Estimated time to read: 4 minutes
Snowdonia National Park in North Wales has attracted visitors from around the UK for centuries; with current records suggesting that around 10 million people visit the National Park from around the world each year.
Whilst visitors have travelled to Snowdonia to experience the splendour, stunning views, tranquil walks and challenging climbs that Snowdonia has to offer for decades; stories of the mythical legends and creatures of this area have been passed down over thousands of years. In fact, it could be said that legendary stories, tales and poems, are part of the Welsh culture and history.
Judging by the number of tales associated with King Arthur, he was a busy fella, with stories of his bravery and military skill associated with various places across the UK.
Many historians believe that the tales of King Arthur are loosely based around a 5th century British swordsman who thwarted a Saxon invasion. There are a number of places and springs, such as Cegin Arthur that bear his name, as well as a number of stories regarding King Arthur in Snowdonia…
The illustration above by Alfred Kappes shows the Lady of the Lake presenting Excalibur to King Arthur. It is said that after King Arthur’s final battle, Sir Bedivere threw the sword into Llyn Ogwen in Snowdonia – where it was caught by the Lady of the Lake.
“Bwlch y Saethau” means “pass of arrows”. King Arthur is said to have fought his last battle at this pass, in Tregalan. When he was killed with enemy arrows, his men built a cairn – a monumental mound of stones – over his body. This monument stood until the 19th century, and was named “Carnedd Arthur”. Arthur’s knights also took the rather drastic action of sealing themselves in a cave below the summit of Y Lliwedd – a mountain which is connected to Snowdon.
The cave is now known as Ogof Llanciau Eryri, which translates to Cave of the Young Men of Snowdonia. Legend has it that the knights still sleep there today, waiting for King Arthur to awake when Wales is in mortal danger.
The Watkin Path up Mount Snowdon shown in the image above, goes through Bwlch y Saethau where King Arthur is said to have had his final battle.
King Arthur was quite a chap; not only was he top dog at the round table, he led victories at a great number of battles and even killed a massive giant called Rhita.
The legendary equivalent of Manny Pacquiao vs Floyd Mayweather (but not a huge let down), the fight featured two famous warriors. Rhita Gawr was King of Wales, and well known for killing two former British kings Nynniaw and Peibiaw, who had fallen out over borders and livestock. Rhita killed them to put an end to their feud and cut off their beards. The remaining 28 kings (yes, 28), were alarmed by Rhita’s lack of respect and declared war on the giant, but all ultimately died and suffered the same beard-trimming fate as the first 2 kings.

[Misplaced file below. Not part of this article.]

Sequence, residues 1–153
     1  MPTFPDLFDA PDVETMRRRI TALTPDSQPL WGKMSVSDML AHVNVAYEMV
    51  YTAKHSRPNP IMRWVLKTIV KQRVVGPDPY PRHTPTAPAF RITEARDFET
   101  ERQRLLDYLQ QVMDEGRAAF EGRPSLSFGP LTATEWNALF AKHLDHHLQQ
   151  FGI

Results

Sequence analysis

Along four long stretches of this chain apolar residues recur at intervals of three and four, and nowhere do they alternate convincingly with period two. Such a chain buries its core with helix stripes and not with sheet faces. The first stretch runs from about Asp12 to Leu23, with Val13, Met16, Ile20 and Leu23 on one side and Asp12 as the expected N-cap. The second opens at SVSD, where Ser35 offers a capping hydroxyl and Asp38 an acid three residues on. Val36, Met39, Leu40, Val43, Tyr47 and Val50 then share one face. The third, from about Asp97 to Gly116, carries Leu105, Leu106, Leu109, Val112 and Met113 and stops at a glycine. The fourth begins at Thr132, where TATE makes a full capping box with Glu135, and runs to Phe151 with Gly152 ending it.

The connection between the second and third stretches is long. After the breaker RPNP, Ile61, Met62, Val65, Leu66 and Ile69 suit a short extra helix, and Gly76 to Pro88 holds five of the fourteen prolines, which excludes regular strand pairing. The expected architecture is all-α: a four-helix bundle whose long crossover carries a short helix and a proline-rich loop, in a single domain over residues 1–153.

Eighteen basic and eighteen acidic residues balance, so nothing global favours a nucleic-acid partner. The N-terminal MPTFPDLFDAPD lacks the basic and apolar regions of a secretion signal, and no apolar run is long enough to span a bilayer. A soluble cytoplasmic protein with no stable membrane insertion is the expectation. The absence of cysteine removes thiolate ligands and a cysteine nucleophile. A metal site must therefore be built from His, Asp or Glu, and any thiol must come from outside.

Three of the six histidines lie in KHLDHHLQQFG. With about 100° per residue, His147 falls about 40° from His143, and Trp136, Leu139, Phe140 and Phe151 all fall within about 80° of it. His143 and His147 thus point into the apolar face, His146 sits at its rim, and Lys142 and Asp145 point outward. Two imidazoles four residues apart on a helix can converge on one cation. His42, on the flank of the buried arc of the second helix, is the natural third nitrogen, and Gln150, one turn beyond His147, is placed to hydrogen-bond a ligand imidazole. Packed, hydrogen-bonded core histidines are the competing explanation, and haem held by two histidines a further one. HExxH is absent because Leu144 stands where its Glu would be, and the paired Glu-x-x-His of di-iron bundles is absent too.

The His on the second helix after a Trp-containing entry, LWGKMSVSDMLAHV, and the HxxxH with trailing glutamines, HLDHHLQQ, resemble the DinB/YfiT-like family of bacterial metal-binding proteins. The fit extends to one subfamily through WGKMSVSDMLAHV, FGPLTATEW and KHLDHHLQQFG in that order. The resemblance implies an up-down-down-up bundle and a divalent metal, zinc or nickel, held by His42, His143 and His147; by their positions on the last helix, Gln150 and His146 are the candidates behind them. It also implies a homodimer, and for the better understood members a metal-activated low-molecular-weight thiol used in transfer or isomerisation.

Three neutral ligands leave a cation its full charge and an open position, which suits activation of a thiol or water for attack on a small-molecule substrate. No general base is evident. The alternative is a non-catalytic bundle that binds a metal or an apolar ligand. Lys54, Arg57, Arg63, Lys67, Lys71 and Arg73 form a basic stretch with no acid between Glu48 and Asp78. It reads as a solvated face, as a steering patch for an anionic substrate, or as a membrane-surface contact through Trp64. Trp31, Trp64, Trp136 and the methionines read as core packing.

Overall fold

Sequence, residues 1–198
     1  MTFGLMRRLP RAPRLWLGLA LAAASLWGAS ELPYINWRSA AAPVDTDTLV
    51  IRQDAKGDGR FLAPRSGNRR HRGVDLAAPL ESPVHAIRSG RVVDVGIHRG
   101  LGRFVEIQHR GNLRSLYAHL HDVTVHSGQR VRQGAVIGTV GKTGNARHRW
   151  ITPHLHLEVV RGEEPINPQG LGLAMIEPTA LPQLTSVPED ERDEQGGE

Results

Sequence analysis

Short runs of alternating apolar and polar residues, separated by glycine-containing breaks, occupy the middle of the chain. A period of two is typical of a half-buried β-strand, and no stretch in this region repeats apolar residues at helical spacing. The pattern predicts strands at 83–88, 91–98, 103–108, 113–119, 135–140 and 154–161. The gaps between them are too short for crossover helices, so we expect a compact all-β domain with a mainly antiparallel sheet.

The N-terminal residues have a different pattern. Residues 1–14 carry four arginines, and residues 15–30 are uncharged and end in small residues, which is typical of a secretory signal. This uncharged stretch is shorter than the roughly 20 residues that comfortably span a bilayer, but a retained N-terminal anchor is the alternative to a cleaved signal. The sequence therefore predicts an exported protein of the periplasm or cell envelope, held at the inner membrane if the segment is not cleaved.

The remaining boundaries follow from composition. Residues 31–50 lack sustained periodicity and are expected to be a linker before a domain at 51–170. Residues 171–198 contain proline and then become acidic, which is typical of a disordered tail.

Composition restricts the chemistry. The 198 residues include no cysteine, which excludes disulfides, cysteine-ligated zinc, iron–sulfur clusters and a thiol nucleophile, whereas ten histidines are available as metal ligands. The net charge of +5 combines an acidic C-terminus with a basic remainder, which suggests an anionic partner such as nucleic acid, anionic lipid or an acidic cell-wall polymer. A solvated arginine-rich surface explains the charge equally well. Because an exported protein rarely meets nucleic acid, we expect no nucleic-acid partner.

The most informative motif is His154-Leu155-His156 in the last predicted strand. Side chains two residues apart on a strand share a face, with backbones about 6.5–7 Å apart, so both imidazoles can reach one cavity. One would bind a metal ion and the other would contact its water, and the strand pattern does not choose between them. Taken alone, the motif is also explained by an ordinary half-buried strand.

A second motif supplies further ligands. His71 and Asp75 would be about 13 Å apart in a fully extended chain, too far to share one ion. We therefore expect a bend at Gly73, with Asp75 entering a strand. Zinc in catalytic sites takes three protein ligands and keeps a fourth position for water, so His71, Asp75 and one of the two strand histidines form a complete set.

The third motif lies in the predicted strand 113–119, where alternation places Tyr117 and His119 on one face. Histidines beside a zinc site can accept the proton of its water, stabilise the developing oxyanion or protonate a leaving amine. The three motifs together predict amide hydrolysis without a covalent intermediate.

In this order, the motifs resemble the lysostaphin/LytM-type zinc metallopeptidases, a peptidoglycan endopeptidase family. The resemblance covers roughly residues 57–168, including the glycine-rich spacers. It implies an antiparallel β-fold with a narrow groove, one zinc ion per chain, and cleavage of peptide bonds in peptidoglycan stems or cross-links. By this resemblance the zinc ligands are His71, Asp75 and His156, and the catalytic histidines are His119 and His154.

Rhita had so many beards, that he created his infamous cloak with them, which reached from his shoulder to the floor. With a record of 30-0, Rhita was understandably confident and looked to topple the remaining king in Britain, King Arthur.
Rhita was defeated by Arthur, dying at the sword of the mighty king. Rhita is said to be buried under a mound of stones at the summit of Mount Snowdon.
Another legendary Welshman – one that definitely existed – was Owain Glyndŵr. Glyndŵr was the last Welshman to hold the title of Prince of Wales and he led an uprising against the English starting in 1400.
The cave known as Ogof Owain Glyndŵr, is located on the slopes of Moel yr Ogof . The story goes that, as Owain Glyndŵr was being pursued by English soldiers, to make his getaway, he climbed a 300 foot rock crevice. The English soldiers, presumably not as skilled in climbing, refused to follow Glyndŵr, who made the cave his hideout until the soldiers returned back to England.
Owain Glyndŵr’s Cave can be seen from the Rhyd Ddu Path, which leads to the summit of Snowdon and on the eastern side of a lesser known path/mountain – Moel Hebog. There is however, some confusion as to which crevice or depression in the mountain actually constitutes the fabled cave, which often gets mistaken for the entrance to the old asbestos mine.
One account states that the cave can be found “…in the grassy ledge that leads from the asbestos mine around the front of the buttress. It is possible to traverse around to the cave, although it is a bit hairy”
The image above shows the summit of the ‘cave hill’. Owain Glyndwr’s cave is further down.
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